Question and Answer Period Following Speech of Senator John F. Kennedy, Civic Center, Charleston, WV
Senator RANDOLPH. May we have the quiet which I am sure you would desire that the next President of the United States will have the opportunity to answer the questions, the 10 best questions, which have been chosen by a committee for answering here tonight.
I want to emphasize what Hewlitt Smith said. These questions are to be asked of Jack Kennedy, and Jack Kennedy has no knowledge whatsoever of the questions which shall be asked him. All of those persons who ask the questions will receive personal answers by Senator Kennedy, but those 10 questions which have been chosen for tonight will be answered by Senator Kennedy at this time.
May we have the first question?
QUESTION. My question to Senator Kennedy was, Do you think our defense system has been adequate?
Senator KENNEDY. The question was whether our defenses have been adequate. I would say that the United States today is in a position of equality with the Soviet Union. What I think is of concern is that the relative rate of growth, the relative rate of increase in strength in the Soviet Union in comparison to that of the United States, or rather the Soviet Union and the Chinese Communists, may be greater in the early sixties, not only in missiles, but also in conventional forces. I think we should particularly strengthen our missiles, our conventional forces, and our airlift. I would say that the next President of the United States in early 1961 should send a message to the Congress recommending that.
Senator RANDOLPH. And the next question.
QUESTION. Senator Kennedy, I am for you, but what can I say when people say they will not vote for you because of your religion?
Senator KENNEDY. I would say to them that I think that West Virginia gave a good answer in the primary. I would say that there are many serious problems facing the United States. I have given every assurance which a man could give that I am as interested in maintaining religious liberty in the United States, and in fact around the world, as I could possibly give. I take an oath to sustain the Constitution, which I would do if I am elected. If I am not elected, I will continue to do it in the U.S. Senate. [Applause.] But I would hate to think after 14 years in the Congress, and after 18 years of service to this country, that all the problems which are before the State of West Virginia and all the problems which are before the United States in the most crucial time in the life of our country - I do not believe that anyone should be so unwise as to vote for me or against me because of my religion. [Applause.]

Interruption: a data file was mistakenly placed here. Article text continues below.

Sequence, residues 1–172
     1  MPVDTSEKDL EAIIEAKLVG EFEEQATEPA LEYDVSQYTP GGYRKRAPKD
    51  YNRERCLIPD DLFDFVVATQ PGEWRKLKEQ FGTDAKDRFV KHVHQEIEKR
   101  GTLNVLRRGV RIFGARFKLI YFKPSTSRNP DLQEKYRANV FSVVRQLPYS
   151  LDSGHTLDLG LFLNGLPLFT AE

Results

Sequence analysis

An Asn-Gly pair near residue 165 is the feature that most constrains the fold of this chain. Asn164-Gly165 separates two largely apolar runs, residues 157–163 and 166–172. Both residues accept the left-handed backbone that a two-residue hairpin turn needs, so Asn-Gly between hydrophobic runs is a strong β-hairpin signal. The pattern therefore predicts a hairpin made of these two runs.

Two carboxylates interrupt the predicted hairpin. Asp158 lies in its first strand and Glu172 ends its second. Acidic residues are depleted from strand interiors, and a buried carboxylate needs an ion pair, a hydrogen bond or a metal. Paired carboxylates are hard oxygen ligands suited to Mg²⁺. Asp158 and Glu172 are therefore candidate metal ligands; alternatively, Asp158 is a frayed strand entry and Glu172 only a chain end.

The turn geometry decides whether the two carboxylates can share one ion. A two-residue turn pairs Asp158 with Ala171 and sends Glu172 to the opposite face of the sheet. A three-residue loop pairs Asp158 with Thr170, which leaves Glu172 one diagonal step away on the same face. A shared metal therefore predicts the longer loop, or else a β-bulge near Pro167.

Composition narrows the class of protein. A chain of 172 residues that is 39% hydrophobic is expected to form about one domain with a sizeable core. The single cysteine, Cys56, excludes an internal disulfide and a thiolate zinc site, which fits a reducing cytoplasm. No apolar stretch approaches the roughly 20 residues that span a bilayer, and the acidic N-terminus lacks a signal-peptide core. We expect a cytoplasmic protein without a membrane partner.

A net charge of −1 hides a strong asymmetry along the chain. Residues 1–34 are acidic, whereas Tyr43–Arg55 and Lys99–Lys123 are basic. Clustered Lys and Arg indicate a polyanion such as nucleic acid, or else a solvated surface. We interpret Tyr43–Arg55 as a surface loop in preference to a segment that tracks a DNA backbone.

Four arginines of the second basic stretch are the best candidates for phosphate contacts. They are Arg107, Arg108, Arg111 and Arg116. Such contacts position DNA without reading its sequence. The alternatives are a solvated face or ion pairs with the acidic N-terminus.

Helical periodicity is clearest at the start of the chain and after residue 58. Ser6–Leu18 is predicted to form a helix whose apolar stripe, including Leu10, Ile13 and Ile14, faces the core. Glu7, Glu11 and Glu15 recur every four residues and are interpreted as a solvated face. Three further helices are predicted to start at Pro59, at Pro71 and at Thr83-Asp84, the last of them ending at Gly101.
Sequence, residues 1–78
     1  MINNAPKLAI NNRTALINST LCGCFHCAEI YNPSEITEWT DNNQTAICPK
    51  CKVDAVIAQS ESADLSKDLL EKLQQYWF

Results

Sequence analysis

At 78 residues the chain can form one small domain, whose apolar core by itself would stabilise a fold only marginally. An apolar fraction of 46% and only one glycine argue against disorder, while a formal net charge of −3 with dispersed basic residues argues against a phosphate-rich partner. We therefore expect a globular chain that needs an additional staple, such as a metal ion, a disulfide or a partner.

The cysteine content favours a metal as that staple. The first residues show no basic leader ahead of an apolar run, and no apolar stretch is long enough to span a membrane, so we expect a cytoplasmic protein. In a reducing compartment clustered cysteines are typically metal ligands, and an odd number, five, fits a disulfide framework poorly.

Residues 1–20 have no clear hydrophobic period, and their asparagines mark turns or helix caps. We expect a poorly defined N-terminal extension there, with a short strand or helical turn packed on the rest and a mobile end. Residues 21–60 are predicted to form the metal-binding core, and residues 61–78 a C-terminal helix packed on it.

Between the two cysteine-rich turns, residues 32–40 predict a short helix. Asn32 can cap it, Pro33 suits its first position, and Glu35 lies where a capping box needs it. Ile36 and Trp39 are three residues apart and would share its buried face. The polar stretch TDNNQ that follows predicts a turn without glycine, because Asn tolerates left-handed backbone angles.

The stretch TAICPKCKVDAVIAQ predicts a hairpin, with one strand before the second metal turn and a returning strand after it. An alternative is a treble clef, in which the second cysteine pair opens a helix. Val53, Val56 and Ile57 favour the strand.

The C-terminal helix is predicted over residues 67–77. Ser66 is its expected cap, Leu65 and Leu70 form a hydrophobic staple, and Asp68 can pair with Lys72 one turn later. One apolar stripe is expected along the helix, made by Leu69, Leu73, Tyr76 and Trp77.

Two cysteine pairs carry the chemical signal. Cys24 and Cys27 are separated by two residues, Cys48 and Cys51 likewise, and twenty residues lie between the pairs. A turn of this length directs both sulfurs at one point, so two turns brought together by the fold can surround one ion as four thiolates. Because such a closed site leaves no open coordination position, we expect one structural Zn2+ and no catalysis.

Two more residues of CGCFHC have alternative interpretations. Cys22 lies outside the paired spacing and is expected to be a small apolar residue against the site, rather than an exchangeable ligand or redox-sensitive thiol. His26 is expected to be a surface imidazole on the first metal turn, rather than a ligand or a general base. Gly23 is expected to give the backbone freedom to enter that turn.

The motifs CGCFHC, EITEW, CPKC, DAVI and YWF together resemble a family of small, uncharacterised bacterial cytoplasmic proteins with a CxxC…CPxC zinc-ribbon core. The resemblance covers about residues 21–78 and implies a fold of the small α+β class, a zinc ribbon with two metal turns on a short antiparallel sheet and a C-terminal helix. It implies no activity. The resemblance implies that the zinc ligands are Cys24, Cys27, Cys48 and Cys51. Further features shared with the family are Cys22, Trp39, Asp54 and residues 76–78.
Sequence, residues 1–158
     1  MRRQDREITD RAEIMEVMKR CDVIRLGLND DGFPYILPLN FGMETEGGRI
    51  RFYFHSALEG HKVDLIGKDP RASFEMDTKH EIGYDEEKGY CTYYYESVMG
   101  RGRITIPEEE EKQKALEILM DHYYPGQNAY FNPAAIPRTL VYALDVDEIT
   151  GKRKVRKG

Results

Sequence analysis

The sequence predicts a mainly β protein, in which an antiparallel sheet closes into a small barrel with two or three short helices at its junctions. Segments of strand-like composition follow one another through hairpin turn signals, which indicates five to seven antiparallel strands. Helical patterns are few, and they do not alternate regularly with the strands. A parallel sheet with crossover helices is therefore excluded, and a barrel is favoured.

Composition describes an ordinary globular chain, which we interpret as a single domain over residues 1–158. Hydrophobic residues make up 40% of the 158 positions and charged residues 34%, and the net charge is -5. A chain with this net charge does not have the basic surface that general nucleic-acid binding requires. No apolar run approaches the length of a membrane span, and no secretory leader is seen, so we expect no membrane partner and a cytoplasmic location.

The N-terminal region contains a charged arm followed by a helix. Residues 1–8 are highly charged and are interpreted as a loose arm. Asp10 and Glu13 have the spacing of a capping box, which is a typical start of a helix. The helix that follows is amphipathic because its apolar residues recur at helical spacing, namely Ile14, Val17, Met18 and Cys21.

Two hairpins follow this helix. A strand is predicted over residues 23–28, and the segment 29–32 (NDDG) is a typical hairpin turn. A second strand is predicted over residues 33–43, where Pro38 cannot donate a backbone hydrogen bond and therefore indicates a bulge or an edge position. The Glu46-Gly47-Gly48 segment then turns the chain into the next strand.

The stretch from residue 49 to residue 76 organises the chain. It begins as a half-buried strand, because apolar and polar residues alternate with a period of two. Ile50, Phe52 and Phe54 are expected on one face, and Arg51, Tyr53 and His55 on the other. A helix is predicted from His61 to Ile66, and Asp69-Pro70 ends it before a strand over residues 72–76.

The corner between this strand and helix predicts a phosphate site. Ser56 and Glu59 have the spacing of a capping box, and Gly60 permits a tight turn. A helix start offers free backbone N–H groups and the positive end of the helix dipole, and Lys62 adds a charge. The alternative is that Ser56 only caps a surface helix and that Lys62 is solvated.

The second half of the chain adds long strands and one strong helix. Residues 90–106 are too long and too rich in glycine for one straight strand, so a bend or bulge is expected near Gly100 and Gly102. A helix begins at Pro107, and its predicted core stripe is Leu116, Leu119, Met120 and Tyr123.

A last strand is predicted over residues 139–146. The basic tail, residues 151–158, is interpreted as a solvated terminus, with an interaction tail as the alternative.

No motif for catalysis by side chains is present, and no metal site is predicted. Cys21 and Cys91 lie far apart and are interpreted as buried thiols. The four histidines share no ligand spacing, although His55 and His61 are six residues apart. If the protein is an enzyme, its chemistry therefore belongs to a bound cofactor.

Senator RANDOLPH. And the third question.
QUESTION. I am for Mr. Kennedy. And may I visit you when you are the President of the United States in the White House? I have tried three times and cannot get in. [Laughter.]
Senator KENNEDY. Let's meet outside and we will get it all set. [Laughter].
Senator RANDOLPH. The next question.
QUESTION. Hon. Senator Kennedy - Charles Rowe, Nicholas County, Summerville - I would like to ask this question: What is your viewpoint on organized labor?
Senator KENNEDY. I served on the Labor Committee for 14 years by choice. I am chairman of the Subcommittee on Labor. I have been endorsed by the AFL-CIO nationally. I am against the racketeers wherever they may live. But I do believe that organized labor has permitted men and women to raise their standard of living to consume what we produce in this country, and I think that the labor unions of this country contribute to the general welfare and I am proud to have their endorsement. [Applause.]